Last year, a new Banking Code of Practice was rolled out, which brought in a higher standard of customer care when dealing with individuals and small-business customers — particularly vulnerable customers, co-borrowers and guarantors. Find out more in this special round-up.
On 1 July 2019, the Australian Banking Association (ABA) introduced a new Banking Code of Practice that brought in a higher standard of customer care when dealing with individuals and small-business customers.
Following on from major concerns surrounding financial abuse, as highlighted during the Royal Commission into Misconduct in the Banking, Superannuation and Financial Services Industry, the finance industry has been hard at work developing new training to ensure that vulnerable customers are treated with extra care.
As such, the new banking code now requires lender signatories to “take reasonable steps” to confirm that any co-borrower on a loan not receiving a “substantial benefit from the loan” (e.g. an equitable interest in the asset or payment of debts) understands the risks involved before approving the loan.
Moreover, the code states that lenders would not approve a co-borrower loan in this instance unless they are “satisfied that [they] are not experiencing financial abuse”.
What is financial abuse?
According to ASIC, financial abuse occurs when another person (whether a partner, child, another family member or friend) manipulates a person’s decisions or controls their access to money or other property without consent.
According to the financial services regulator, warning signs of a financially abusive relationship can include:
While lenders had previously been rolling out their own individual requirements to brokers regarding financial abuse – including by asking brokers to complete a financial abuse declaration form, which both the Finance Brokers Association of Australia (FBAA) and the Mortgage & Finance Association of Australia (MFAA) had urged members not to sign due to concerns over potential litigation and professional indemnity insurance breaches – the three associations joined together at the end of last year to develop a “common approach” to working with vulnerable customers.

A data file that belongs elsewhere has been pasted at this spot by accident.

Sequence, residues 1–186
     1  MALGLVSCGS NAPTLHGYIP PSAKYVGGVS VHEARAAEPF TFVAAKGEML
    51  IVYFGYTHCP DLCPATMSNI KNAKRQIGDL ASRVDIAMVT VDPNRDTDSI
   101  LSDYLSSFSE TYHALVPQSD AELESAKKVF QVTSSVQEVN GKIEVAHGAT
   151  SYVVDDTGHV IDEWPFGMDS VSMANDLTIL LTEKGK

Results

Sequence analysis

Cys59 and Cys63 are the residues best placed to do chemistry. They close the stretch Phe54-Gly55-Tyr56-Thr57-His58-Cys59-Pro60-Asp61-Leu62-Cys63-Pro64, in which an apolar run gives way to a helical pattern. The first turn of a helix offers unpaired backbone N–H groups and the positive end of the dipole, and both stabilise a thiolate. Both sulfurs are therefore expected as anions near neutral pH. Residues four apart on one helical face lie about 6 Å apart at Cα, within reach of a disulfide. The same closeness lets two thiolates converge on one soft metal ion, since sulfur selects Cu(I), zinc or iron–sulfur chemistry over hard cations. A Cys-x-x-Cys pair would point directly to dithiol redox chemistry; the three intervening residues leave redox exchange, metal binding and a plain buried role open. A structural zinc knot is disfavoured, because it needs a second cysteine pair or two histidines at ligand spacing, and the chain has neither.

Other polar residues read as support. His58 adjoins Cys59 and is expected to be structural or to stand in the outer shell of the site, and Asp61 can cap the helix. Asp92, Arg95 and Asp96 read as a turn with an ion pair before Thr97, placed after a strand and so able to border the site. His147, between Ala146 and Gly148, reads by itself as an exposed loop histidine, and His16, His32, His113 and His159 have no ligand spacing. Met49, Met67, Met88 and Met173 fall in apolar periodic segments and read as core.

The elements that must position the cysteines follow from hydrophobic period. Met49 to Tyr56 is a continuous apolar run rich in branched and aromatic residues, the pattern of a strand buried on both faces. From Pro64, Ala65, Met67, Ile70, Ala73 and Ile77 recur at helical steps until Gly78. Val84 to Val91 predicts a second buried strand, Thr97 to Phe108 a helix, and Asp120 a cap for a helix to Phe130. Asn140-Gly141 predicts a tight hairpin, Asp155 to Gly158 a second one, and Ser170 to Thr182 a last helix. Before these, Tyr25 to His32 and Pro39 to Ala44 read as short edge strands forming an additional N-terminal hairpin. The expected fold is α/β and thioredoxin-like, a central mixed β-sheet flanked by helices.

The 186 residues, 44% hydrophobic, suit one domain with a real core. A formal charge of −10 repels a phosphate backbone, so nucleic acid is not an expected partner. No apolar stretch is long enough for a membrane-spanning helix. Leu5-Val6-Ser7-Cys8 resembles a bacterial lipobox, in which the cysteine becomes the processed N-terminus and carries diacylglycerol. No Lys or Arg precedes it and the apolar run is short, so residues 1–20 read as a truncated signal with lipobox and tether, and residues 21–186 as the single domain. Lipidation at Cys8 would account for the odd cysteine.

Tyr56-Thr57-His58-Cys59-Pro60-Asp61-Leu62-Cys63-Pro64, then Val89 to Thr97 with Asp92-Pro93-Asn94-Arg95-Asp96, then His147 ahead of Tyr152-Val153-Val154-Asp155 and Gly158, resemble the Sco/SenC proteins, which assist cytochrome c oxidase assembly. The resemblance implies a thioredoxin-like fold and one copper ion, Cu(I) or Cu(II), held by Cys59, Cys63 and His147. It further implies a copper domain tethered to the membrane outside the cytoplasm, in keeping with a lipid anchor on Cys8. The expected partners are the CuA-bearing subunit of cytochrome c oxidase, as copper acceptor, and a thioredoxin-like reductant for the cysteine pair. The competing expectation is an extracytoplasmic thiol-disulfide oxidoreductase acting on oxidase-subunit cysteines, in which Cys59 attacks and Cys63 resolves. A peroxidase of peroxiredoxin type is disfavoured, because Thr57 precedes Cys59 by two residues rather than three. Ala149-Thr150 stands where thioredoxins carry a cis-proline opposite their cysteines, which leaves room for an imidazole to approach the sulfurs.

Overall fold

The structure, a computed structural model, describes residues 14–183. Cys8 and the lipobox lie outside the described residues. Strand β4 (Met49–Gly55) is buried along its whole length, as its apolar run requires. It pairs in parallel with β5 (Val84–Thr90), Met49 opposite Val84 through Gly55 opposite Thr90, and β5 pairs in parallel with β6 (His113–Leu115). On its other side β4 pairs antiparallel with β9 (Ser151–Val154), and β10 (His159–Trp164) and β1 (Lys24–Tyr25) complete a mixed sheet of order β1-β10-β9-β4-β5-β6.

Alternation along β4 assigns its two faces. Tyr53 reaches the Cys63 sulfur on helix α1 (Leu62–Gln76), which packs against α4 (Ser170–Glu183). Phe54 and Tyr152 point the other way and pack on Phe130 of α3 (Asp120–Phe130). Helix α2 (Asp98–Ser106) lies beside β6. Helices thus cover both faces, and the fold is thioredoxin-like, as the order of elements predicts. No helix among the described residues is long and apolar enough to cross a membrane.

The joint project of the ABA, MFAA and FBAA culminated in a new training program for brokers that aims to help the channel contribute “more meaningfully” to this effort by providing information on how to identify potential financial abuse more effectively and the new requirements of the banking code.
What the training entails
The online training offered by both the MFAA and FBAA covers some of the sections of the new Banking Code of Practice that are relevant to brokers in order to “provide a significant step-up in protections for customers and in ensuring extra care is taken with customers who may be vulnerable”.
Delving into financial abuse, the training includes:
These examples and tools were drawn from a range of sources, including the content that the banks put their own staff through for the new banking code training, alongside Lifeline resources dealing with how to identify signs of financial abuse.
By working together to build the standardised training, the new module means that brokers can satisfy the lender requirements through their member organisation, without having to undertake training from each individual lender.
The mandatory training is now a professional membership requirement of the MFAA and FBAA (such as AML/CTF training), and an online refresher course will need to be undertaken every two years.
The assessment requires an 80 per cent pass rate.
It is hoped that training will help mortgage brokers:
In a joint statement, the ABA, FBAA and MFAA commented: “The royal commission highlighted the importance of treating vulnerable customers with extra care.
“The training module will help brokers contribute more meaningfully to this effort by providing them with information about the banking code and guidance to help them identify potential financial abuse more effectively.”
More information on financial abuse training can be accessed through the FBAA and MFAA member websites.
Annie Kane is the editor of The Adviser and Mortgage Business.
As well as writing about the Australian broking industry, the mortgage market, financial regulation, fintechs and the wider lending landscape – Annie is also the host of the Elite Broker and In Focus podcasts and The Adviser Live webcasts.
Several members of industry have applauded the financial services...
The customer-owned bank has recorded a 5 per cent decline in its ...
The financial services group has agreed terms with an Australian ...